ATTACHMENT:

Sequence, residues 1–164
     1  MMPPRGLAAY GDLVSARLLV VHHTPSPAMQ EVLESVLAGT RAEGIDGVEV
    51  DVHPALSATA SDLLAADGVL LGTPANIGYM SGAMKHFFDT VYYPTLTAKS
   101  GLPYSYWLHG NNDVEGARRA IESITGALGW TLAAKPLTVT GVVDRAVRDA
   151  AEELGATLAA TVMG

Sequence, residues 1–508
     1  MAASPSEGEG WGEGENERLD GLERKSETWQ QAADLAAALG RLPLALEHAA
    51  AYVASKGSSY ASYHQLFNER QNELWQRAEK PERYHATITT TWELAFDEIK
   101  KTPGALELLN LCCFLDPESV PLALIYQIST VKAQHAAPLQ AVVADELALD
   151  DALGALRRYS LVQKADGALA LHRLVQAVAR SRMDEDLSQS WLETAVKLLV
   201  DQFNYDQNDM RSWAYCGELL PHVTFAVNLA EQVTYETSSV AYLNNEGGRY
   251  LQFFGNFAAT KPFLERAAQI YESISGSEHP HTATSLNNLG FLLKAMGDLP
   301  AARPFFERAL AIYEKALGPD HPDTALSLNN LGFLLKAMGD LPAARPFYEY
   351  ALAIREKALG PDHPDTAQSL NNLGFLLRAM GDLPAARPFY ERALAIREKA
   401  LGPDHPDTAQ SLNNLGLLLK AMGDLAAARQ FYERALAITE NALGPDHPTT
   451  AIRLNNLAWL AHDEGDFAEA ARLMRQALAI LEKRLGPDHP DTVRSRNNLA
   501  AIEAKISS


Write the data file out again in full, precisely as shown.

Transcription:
Sequence, residues 1–164
     1  MMPPRGLAAY GDLVSARLLV VHHTPSPAMQ EVLESVLAGT RAEGIDGVEV
    51  DVHPALSATA SDLLAADGVL LGTPANIGYM SGAMKHFFDT VYYPTLTAKS
   101  GLPYSYWLHG NNDVEGARRA IESITGALGW TLAAKPLTVT GVVDRAVRDA
   151  AEELGATLAA TVMG

Sequence, residues 1–508
     1  MAASPSEGEG WGEGENERLD GLERKSETWQ QAADLAAALG RLPLALEHAA
    51  AYVASKGSSY ASYHQLFNER QNELWQRAEK PERYHATITT TWELAFDEIK
   101  KTPGALELLN LCCFLDPESV PLALIYQIST VKAQHAAPLQ AVVADELALD
   151  DALGALRRYS LVQKADGALA LHRLVQAVAR SRMDEDLSQS WLETAVKLLV
   201  DQFNYDQNDM RSWAYCGELL PHVTFAVNLA EQVTYETSSV AYLNNEGGRY
   251  LQFFGNFAAT KPFLERAAQI YESISGSEHP HTATSLNNLG FLLKAMGDLP
   301  AARPFFERAL AIYEKALGPD HPDTALSLNN LGFLLKAMGD LPAARPFYEY
   351  ALAIREKALG PDHPDTAQSL NNLGFLLRAM GDLPAARPFY ERALAIREKA
   401  LGPDHPDTAQ SLNNLGLLLK AMGDLAAARQ FYERALAITE NALGPDHPTT
   451  AIRLNNLAWL AHDEGDFAEA ARLMRQALAI LEKRLGPDHP DTVRSRNNLA
   501  AIEAKISS